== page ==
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Darwinism and popular culture: PayPal co-founder on Darwin’s effect

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At TechCrunch (Apr 10, 2011), Sarah Lacy catches Peter Thiel in a politically incorrect moment in “We’re in a Bubble and It’s Not the Internet. It’s Higher Education.”:

the idea that attending Harvard is all about learning? Yeah. No one pays a quarter of a million dollars just to read Chaucer. The implicit promise is that you work hard to get there, and then you are set for life. It can lead to an unhealthy sense of entitlement. “It’s what you’ve been told all your life, and it’s how schools rationalize a quarter of a million dollars in debt,” Thiel says.[ … ]

But Thiel’s issues with education run even deeper. He thinks it’s fundamentally wrong for a society to pin people’s best hope for a better life on something that is by definition exclusionary. “If Harvard were really the best education, if it makes that much of a difference, why not franchise it so more people can attend? Why not create 100 Harvard affiliates?” he says. “It’s something about the scarcity and the status. In education your value depends on other people failing.

Whenever Darwinism is invoked it’s usually a justification for doing something mean. It’s a way to ignore that people are falling through the cracks, because you pretend that if they could just go to Harvard, they’d be fine. Maybe that’s not true.”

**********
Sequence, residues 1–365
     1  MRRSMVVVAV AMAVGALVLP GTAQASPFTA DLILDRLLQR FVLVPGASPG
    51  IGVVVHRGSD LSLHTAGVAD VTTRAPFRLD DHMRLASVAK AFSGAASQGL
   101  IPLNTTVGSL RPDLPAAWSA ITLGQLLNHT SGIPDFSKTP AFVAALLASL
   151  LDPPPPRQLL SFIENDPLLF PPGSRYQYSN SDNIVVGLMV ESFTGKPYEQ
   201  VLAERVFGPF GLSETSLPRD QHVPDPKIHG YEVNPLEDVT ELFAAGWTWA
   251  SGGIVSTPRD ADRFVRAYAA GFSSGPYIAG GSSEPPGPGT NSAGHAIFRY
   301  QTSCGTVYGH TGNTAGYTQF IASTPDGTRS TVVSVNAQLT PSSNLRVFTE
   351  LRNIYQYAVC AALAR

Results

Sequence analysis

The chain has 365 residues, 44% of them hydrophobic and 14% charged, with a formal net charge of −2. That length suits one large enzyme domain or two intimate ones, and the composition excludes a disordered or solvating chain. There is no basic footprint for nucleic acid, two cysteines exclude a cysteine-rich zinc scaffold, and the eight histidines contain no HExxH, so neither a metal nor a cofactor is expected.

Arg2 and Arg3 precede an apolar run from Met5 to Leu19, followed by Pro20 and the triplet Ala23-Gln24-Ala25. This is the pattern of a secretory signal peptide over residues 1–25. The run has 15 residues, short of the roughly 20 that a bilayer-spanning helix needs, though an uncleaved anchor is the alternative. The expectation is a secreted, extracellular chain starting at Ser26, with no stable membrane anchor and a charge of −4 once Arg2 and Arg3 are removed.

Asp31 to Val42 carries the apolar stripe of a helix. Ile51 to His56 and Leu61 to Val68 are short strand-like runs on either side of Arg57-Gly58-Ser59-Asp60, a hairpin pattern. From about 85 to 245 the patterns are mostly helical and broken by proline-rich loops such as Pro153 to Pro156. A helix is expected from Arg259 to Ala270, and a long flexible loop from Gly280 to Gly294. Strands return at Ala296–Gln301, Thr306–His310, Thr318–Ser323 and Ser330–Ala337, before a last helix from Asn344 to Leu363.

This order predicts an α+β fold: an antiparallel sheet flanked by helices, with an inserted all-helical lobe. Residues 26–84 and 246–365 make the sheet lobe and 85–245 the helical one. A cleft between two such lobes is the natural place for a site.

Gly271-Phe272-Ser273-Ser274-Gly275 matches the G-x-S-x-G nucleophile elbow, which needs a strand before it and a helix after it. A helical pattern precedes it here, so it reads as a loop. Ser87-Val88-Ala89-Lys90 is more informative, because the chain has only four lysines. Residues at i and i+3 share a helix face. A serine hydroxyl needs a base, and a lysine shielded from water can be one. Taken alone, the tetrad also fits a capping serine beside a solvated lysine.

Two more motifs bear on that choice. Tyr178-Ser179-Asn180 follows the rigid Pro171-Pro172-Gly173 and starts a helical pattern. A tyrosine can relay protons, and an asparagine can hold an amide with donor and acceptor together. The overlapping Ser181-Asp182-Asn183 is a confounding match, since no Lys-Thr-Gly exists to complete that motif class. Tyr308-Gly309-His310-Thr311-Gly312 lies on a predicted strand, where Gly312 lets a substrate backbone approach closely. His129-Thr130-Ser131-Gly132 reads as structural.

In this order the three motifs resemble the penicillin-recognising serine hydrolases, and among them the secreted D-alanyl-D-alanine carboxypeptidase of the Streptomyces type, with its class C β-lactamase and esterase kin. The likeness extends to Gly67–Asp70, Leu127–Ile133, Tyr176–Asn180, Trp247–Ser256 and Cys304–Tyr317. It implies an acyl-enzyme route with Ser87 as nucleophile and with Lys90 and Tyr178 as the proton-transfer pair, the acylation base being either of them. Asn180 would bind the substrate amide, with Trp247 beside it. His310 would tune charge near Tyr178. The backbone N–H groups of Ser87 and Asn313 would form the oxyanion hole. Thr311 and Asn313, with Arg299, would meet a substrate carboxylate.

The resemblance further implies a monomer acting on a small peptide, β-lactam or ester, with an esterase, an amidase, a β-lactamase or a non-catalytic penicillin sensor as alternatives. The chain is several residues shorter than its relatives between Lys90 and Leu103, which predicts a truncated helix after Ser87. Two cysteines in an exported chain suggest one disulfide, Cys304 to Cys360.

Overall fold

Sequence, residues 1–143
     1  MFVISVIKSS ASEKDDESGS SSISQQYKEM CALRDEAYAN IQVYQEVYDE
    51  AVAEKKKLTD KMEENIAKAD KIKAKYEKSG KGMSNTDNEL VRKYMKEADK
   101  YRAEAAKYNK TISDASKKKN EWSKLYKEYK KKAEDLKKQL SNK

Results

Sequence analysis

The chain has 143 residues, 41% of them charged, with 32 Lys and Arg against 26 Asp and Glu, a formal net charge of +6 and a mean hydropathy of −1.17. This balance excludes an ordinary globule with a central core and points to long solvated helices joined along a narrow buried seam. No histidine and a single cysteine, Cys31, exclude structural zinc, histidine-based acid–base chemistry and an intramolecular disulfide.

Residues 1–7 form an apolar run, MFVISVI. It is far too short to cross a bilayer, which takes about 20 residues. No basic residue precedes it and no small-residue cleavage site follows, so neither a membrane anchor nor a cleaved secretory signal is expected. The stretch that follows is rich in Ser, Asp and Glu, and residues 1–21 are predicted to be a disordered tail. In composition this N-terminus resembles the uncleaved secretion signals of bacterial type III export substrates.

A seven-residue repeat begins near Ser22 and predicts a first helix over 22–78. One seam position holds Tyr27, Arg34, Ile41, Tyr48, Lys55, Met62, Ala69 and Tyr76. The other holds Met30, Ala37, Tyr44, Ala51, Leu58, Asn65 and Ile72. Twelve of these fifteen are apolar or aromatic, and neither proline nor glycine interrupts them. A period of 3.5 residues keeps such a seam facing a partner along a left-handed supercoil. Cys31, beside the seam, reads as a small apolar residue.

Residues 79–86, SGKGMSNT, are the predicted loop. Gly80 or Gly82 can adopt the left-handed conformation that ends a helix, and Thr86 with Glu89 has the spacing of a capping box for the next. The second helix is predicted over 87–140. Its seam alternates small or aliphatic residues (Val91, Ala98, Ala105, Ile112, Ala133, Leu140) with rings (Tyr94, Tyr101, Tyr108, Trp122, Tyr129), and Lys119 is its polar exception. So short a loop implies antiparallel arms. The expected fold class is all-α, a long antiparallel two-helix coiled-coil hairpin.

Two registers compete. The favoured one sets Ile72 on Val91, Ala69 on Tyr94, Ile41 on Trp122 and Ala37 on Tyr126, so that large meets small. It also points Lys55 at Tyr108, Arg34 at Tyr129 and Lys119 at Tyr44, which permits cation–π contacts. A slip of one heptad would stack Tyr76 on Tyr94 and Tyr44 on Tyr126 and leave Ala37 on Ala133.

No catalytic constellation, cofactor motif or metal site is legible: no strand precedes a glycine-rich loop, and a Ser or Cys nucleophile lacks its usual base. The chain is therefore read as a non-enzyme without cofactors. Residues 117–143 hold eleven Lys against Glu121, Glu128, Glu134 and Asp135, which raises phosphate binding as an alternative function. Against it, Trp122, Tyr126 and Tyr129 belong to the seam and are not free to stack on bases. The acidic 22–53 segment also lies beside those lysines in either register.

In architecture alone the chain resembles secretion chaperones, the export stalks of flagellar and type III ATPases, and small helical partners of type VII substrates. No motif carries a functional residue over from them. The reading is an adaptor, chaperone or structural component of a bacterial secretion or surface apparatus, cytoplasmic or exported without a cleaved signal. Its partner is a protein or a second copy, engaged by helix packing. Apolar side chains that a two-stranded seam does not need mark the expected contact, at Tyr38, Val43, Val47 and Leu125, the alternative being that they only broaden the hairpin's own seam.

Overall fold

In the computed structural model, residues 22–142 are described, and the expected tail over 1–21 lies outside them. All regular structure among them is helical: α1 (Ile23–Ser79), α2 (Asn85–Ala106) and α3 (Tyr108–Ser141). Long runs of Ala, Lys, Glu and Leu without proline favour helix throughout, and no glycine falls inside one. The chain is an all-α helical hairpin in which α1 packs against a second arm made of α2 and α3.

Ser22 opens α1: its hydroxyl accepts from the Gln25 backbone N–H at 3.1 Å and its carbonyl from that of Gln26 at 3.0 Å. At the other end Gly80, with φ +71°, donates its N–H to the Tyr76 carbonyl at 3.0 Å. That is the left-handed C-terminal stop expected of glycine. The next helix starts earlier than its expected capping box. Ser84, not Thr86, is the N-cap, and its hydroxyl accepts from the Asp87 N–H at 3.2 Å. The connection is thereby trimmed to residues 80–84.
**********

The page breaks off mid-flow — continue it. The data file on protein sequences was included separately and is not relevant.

The article is nuanced, and the writer challenges Thiel in some constructive ways.

Hat tip: Five Feet of Fury

Higher education in a capitalistic society means nothing but a heads up. Anyone can succeed where its fair and square. it just works out higher education people are generally smarter or come from smarter parents. I don't know if the teaching makes a difference or what is taught. Probably not. the onlt complaint that is fair against the higher or winning the prize education that can be made is where issues of identity interfere with the American people. Foreigners or affirmative action or segregated ethinc groups over represented or indeed the need for money are the only important problems with higher education. However these are general problems about who gets what and deserves what and who doesn't. Of coarse higher education needs more creationism introduced in a equal way to students. Robert Byers

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